A. Subject Matter Jurisdiction "Federal courts are courts of limited jurisdiction," Kokkonen v. Guardian Life Ins. Co. of Am., 511 U.S. 375, 377 (1994), and the United States Constitution "limits the jurisdiction of federal courts to "Cases" and "Controversies," Lujan v. Defenders of Wildlife, 504 U.S. 555, 559 (1992); see U.S. Const., art. III § 2, cl.1. "Three inter-related judicial doctrines -- standing, mootness, and ripeness -- ensure that federal courts assert jurisdiction only over 'Cases' and 'Controversies.'" Worth v. Jackson, 451 F. 3d 854, 855 (D.C. Cir. 2006) (quoting U.S. Const. art. III, § 2).

The plaintiff bears the burden of establishing by a preponderance of the evidence that the court has subject matter jurisdiction, Defenders of Wildlife, 504 U.S. at 561, and to establish standing to bring a claim, he must address three matters:

First, the plaintiff must have suffered an injury in fact -- an invasion of a legally protected interest which is (a) concrete and particularized, and (b) actual or imminent, not conjectural or hypothetical. Second, there must be a causal connection between the injury and the conduct complained of -- the injury has to be fairly traceable to the challenged action of the defendant, and not the result of the independent action of some third party not before the court. Third, it must be likely, as opposed to merely speculative, that the injury will be redressed by a favorable decision.

Id. at 560-61 (internal punctuation and citations omitted). For purposes of examining whether a plaintiff has standing, the Court accepts the factual allegations of the complaint as true, see Sierra Club v. Envtl. Prot. Agency, 292 F. 3d 895, 898-99 (D.C. Cir. 2002), and such allegations are liberally construed in the plaintiff's favor, see Walker v. Jones, 733 F. 2d 923, 926 (D.C. Cir. 1984). "[T]he standing inquiry remains focused on whether the [plaintiff] had the requisite stake in the outcome when the suit was filed." Davis v. Fed. Election Comm'n, 554 U.S. 724, 734 (2008) (emphasis added).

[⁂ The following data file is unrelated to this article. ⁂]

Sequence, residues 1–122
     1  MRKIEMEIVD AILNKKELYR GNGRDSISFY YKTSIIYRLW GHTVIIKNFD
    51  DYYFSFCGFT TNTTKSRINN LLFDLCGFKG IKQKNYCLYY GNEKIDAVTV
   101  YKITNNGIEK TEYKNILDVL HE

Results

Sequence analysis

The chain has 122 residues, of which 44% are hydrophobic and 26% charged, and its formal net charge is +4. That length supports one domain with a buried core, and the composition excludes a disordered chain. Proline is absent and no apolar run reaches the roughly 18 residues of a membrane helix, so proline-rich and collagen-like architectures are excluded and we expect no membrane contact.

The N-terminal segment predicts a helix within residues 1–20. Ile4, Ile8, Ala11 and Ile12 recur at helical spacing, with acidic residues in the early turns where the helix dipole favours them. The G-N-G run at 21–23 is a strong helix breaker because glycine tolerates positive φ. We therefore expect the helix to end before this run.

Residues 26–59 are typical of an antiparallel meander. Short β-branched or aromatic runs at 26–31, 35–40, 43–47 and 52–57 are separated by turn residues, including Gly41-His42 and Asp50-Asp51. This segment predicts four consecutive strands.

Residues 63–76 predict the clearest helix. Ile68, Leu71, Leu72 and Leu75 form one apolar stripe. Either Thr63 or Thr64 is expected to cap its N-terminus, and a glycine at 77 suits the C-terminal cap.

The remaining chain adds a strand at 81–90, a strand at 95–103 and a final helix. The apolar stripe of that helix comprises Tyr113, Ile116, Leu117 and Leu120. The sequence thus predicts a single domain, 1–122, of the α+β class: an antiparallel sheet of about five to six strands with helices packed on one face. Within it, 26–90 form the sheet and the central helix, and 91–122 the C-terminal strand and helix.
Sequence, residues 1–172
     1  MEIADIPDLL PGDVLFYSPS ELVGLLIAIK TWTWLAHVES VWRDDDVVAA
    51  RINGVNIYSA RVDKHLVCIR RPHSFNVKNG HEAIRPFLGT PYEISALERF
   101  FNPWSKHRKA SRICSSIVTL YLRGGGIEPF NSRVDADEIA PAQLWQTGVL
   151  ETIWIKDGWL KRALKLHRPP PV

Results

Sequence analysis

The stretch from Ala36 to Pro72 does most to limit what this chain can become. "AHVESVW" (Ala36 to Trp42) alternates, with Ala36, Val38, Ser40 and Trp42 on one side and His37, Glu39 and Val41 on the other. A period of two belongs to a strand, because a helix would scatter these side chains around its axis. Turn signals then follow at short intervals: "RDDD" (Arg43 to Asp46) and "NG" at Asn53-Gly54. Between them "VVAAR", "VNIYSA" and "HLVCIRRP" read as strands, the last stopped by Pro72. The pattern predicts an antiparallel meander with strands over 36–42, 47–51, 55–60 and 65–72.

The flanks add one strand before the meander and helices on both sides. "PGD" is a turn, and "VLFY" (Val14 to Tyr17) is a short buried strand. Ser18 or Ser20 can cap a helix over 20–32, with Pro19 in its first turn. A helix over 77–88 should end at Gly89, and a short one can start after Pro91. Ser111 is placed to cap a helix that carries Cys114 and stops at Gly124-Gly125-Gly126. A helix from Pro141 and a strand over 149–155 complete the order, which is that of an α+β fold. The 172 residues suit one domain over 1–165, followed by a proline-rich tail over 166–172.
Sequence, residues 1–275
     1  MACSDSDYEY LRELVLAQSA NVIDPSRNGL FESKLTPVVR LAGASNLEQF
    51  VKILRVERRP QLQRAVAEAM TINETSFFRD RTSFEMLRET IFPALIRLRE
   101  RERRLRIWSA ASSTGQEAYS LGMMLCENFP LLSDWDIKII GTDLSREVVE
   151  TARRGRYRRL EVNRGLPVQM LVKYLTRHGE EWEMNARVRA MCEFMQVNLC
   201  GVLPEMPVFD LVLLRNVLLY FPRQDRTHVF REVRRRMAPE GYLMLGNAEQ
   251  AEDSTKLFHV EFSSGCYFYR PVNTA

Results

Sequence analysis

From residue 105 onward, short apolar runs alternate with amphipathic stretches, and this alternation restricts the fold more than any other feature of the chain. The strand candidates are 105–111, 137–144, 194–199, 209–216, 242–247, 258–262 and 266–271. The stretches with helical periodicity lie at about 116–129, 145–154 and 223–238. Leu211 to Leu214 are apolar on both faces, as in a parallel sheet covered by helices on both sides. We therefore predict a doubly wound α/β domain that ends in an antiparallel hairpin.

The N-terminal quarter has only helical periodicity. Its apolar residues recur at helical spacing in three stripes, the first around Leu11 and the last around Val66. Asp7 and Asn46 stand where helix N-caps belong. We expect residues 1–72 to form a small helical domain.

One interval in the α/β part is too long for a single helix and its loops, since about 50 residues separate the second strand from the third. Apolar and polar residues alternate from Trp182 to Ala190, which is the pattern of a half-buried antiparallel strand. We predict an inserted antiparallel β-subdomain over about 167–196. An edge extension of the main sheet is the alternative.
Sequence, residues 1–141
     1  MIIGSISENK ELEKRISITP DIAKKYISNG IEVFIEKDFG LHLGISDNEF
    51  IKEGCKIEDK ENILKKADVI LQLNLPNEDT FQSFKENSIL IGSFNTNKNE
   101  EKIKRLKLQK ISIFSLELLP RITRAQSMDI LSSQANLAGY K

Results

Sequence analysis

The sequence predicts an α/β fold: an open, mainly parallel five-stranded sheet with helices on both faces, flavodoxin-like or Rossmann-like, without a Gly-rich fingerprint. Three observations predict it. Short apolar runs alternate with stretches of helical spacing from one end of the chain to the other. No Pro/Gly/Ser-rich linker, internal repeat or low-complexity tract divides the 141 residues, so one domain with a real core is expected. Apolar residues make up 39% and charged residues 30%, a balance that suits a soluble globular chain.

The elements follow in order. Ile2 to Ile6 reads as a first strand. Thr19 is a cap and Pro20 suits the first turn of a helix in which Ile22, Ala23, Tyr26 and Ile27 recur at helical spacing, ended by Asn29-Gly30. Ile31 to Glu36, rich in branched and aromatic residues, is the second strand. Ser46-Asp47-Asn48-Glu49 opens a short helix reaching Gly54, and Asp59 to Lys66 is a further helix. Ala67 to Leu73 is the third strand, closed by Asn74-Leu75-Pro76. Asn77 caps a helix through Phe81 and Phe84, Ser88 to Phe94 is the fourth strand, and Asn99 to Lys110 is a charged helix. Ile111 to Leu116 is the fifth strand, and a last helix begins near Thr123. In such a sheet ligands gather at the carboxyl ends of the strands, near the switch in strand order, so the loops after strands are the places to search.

The plaintiff's claim must remain viable not only at the time the complaint was filed but also as the litigation proceeds. See Spencer v. Kemna, 523 U.S. 1, 7 (1998); Newdow v. Roberts, 603 F.3d 1002, 1008 (D.C. Cir. 2010). Mootness is determined at the time a matter is reviewed. See, e.g., Bldg. & Const. Trades Dep't, AFL-CIO v. Solis, 600 F. Supp. 2d 25, 33 (D.D.C. 2009). A claim becomes moot if "there is no reasonable expectation that the alleged violation will recur, and interim relief or events have completely and irrevocably eradicated the effects of the alleged violation." Los Angeles Cnty. v. Davis, 440 U.S. 625, 631 (1979) (internal citations and quotation marks omitted); see also Maydak v. United States, 630 F. 3d 166, 176 (D.C. Cir. 2010) (concluding that federal inmates ceased to have standing to present their claims pertaining to the BOP's alleged improper use of Trust Fund monies after their release from BOP custody, and their claims then were moot); Aref v. Holder, __ F. Supp. 2d __, __, 2011 WL 1195813, at *9 (D.D.C. Mar. 30, 2011) (dismissing as moot claims of an inmate whose release to a halfway house, and consequently the cessation of his designation to a CMU, preceded the filing of the lawsuit).